MICROSOFT IS GETTING ready to start the beta test for the next version of Office for Windows, code-named Office 10. The first round of testers received email invitations to the test yesterday, and Microsoft says that the beta will start in July. The company is planning on releasing the new Office late this year or in early 2001. I'll have more info, of course, as soon as the first beta is released.
TALK ABOUT BEATING a dead horse: Larry Ellison continued his tirade against the PC this week when he unveiled yet another Network Computer (NC) that he hopes will drive customers away from Microsoft. The device, called a NIC (New Internet Computer) this time around, costs only $200, runs on Linux, and offers a 266 MHz processor, 64 MB RAM, a 24X CDROM and a 56K modem. And the market for this box? Yup, you guessed it. Frank Stallone.
I SEEM TO be a magnet for potential Windows Me release dates all of a sudden. Though I base my published release dates on internal Microsoft documentation (see above), I got two wildly divergent emails this week from people who claim to have the inside scoop on the Windows Me release date. One said that it would happen on June 23, which is about a week after my own published date. But the other was saying August. I give up, I'm sending them to Woody.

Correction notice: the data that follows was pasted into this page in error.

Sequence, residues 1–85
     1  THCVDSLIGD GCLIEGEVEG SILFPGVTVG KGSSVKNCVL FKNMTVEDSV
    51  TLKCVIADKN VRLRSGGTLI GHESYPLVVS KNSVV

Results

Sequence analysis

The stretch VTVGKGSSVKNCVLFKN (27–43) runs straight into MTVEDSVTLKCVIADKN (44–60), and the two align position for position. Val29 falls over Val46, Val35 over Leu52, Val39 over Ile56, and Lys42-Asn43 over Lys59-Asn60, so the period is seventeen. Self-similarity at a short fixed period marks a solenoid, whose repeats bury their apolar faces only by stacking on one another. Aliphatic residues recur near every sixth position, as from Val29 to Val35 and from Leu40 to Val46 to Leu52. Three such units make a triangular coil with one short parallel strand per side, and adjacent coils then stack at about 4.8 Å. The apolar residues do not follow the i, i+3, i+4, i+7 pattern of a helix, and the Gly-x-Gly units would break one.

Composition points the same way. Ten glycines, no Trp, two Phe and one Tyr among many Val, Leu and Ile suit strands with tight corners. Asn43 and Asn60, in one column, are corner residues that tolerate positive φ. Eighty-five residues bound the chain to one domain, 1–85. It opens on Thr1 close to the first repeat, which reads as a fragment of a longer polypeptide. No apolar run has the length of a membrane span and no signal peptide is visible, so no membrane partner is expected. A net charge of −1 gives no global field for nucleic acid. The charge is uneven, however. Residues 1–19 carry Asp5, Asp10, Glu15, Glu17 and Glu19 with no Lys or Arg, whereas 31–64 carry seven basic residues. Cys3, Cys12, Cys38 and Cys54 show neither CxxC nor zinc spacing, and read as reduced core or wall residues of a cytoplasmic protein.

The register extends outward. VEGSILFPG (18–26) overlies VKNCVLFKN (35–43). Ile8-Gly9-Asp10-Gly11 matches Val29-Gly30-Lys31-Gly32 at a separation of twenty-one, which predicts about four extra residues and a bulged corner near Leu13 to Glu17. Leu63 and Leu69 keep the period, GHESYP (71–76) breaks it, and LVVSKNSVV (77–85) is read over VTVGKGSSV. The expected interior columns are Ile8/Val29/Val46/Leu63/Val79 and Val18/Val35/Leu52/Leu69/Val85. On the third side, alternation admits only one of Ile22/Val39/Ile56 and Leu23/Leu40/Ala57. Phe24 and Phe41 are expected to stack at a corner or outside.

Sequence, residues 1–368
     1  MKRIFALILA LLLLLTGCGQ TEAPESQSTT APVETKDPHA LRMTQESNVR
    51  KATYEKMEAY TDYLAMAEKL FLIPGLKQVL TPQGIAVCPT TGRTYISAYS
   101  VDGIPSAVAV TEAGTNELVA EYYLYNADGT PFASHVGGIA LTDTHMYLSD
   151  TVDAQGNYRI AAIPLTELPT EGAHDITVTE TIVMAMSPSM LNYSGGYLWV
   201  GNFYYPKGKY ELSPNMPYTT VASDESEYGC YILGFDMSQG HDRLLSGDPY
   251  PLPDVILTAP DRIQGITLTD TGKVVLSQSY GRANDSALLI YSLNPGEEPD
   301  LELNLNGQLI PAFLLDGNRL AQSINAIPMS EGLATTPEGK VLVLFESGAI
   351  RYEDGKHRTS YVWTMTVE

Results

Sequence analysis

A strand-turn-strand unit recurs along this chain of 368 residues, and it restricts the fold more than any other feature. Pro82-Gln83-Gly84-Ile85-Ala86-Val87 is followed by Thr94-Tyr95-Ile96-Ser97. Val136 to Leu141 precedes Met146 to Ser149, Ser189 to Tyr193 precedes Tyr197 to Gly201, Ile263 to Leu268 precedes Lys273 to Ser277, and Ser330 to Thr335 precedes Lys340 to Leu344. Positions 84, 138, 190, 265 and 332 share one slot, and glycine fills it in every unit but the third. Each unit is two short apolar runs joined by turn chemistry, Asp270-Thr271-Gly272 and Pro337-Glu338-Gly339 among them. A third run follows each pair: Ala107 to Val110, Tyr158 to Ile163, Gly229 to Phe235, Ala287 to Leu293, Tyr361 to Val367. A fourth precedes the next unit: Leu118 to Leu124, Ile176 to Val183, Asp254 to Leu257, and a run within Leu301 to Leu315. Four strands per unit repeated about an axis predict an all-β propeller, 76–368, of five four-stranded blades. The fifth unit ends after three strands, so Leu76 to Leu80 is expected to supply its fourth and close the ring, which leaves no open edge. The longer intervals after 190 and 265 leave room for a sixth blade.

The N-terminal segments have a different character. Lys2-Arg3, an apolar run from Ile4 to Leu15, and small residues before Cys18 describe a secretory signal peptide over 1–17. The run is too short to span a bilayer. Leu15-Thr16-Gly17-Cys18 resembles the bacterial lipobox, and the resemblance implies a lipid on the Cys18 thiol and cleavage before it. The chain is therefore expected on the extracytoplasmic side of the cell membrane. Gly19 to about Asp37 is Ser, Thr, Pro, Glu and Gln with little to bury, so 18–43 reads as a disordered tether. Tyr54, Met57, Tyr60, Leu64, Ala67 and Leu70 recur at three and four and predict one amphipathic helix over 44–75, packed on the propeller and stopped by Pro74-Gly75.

MICROSOFT'S RECENT RELEASE of IE 5.0 for the Macintosh has been widely applauded as a great piece of Mac software, but the guys and gals that created the software have been shipped off to Microsoft's version of Siberia as a result: With future Mac versions of IE on the backburner, the team will now focus on creating the next Web browser for Microsoft's dying WebTV platform, which has fewer users than CPM these days.
DELL COMPUTER DID it again, beating analysts' estimates by a wide margin and reporting a 31 percent increase in revenues for the most recent quarter. This comes amid one of the bigger dry spells in recent PC history, causing competitors to cast a jealous eye toward Round Rock, Texas once again. The company made $525 million on sales of $7.28 billion.
FIRST, A WEB site called Slashdot posts specifications of Microsoft's dubious implementation of the Kerberos security technology, and then Microsoft threatens legal action. As far as I can see, it's just another day in the clash between open source irreverence and old-school technology. When will Microsoft learn that its EULAs (End User License Agreements) are indefensible? Probably when they lose this one in court. I hate to agree with Slashdot, but there you go: Viva la revolution!
MICROSOFT WILL FINALLY discuss plans for its Next Generation Windows Services (NGWS), which is either the name of a new progressive rock band or the company's upcoming distributed services vision. In either case, Microsoft will unveil ELP, er ABWH, er NGWS on June 1 at the Redmond campus. Here's to hoping they give this thing a more memorable name